Fortune reports that the local food movement is booming, generating $11.7 billion in sales last year, expected to climb to $20.2 billion in 2019, with almost half of consumers saying that they’d pay 10% more for such products, and almost a third saying they’d up it as much as 25% more.
However, the story also says that it is a category replete with potential problems because of differences in how it is defined by various parties.
“The 2008 Farm Act, an agricultural policy law, defines a ‘locally or regionally produced agricultural food product’ as one that is marketed less than 400 miles from its origin… A few states such as Vermont and Connecticut have established rules that define local as within the borders of the state or within a certain small perimeter of the state… Walmart defines local as grown and sold in the same state, whether the state is teeny Rhode Island or ginormous Texas. For Safeway, it’s an eight-hour drive. Even Whole Foods states on their locally grown page that ‘mostly we like to leave it up to our stores’ but generally use state lines or regions within large states.”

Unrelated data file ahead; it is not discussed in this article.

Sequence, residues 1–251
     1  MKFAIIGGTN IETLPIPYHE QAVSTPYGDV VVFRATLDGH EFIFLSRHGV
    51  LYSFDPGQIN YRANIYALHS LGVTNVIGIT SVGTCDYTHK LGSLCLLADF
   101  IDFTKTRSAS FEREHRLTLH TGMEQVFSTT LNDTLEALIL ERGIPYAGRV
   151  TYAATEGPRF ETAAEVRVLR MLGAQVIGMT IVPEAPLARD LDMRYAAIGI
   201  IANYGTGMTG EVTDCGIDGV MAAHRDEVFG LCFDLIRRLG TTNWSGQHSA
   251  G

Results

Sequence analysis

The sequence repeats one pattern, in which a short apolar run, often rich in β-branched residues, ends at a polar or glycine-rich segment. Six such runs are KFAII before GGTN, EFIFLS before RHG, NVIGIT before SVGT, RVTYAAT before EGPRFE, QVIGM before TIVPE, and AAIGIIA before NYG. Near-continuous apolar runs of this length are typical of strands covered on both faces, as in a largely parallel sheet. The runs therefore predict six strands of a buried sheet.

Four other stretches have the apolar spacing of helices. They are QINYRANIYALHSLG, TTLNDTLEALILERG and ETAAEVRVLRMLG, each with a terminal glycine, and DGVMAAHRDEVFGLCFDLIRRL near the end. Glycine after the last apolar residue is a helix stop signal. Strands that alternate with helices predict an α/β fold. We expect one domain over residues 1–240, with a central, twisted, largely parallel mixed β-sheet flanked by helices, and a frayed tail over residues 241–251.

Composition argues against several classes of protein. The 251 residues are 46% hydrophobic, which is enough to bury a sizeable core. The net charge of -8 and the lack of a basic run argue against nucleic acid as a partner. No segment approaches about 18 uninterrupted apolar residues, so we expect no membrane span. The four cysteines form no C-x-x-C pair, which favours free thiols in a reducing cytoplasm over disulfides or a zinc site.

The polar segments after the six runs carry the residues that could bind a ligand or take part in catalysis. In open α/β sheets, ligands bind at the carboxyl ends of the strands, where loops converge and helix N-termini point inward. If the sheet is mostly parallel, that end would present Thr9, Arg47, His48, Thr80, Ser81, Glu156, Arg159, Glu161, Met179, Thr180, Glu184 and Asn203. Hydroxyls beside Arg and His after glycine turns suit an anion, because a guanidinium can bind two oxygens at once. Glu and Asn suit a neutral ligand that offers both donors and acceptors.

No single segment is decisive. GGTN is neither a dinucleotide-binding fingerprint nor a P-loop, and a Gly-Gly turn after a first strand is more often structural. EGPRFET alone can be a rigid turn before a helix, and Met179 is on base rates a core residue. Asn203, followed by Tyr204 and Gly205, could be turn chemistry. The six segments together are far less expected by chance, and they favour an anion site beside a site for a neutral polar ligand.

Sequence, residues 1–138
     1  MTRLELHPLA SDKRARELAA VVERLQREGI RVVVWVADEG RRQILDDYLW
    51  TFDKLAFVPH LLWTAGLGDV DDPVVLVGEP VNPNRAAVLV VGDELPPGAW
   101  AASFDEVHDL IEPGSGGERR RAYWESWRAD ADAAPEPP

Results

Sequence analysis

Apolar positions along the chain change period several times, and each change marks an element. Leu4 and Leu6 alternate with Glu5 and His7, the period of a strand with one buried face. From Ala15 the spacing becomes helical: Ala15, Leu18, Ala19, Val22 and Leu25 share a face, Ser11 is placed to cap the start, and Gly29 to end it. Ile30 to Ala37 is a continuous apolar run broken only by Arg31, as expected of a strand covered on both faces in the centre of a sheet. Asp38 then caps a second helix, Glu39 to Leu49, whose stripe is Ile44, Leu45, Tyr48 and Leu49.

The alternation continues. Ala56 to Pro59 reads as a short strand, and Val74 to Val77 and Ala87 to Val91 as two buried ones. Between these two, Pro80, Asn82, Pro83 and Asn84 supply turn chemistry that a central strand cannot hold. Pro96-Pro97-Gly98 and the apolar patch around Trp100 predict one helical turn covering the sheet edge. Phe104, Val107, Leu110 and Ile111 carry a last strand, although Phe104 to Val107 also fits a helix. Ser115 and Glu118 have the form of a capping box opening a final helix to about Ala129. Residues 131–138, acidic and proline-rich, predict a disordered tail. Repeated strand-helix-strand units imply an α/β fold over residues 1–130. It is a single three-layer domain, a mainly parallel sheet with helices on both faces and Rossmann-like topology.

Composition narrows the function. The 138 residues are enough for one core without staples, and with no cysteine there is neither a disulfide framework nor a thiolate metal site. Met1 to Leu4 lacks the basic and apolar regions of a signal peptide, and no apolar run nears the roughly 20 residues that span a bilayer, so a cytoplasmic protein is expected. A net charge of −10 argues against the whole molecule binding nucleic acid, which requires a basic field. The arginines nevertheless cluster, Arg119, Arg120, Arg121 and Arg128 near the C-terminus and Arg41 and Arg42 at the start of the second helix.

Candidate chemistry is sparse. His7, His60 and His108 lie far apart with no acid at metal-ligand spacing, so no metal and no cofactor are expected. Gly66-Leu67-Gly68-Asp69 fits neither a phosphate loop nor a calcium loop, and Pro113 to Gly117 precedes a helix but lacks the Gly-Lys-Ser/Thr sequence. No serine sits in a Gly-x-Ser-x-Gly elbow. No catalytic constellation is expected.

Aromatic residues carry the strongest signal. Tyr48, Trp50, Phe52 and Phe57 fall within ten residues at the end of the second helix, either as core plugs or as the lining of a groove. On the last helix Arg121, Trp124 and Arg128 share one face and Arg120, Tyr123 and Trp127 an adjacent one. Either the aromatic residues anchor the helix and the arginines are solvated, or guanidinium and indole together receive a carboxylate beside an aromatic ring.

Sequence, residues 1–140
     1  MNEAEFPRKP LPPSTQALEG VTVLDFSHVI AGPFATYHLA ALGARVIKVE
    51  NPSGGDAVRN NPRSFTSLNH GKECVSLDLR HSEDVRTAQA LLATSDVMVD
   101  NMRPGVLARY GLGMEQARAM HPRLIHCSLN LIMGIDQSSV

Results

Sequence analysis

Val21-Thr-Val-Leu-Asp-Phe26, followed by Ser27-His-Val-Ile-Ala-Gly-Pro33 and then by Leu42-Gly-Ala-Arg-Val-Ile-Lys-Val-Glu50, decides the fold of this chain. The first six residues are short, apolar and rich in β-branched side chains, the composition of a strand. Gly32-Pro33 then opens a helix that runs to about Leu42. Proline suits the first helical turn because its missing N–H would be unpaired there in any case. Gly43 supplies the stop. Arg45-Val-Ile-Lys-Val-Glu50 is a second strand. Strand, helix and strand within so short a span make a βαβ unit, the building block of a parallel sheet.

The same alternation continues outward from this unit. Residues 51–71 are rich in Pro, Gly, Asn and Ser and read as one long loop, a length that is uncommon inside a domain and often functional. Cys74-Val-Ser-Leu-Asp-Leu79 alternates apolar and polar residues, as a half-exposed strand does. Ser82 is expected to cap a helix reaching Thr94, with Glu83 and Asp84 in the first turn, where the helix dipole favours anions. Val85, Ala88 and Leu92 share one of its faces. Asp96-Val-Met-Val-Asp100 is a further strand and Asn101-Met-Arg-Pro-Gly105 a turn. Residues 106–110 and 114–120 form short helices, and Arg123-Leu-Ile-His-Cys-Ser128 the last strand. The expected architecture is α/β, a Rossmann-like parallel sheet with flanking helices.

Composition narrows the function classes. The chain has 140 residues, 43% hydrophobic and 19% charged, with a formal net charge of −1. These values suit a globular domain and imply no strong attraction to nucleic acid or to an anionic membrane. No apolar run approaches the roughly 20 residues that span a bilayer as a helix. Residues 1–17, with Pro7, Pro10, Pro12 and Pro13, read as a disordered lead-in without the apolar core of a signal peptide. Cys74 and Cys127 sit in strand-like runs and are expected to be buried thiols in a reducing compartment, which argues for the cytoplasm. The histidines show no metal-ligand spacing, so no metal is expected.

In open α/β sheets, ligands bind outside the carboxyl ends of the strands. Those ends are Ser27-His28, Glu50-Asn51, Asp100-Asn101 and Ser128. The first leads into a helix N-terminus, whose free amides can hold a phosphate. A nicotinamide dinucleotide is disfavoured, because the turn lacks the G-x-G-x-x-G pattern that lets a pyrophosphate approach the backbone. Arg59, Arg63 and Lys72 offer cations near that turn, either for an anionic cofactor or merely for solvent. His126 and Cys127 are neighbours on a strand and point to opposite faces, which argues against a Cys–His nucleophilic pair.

Which means, Fortune writes, that “questions are being raised about what exactly ‘local’ means. Just as controversy has dogged the labels, ‘all-natural’ and ‘organic,’ there are real concerns that consumers may not be getting what they think when they ‘buy local’ at the local supermarket. The label ‘local’ is too often part marketing hype, some say.”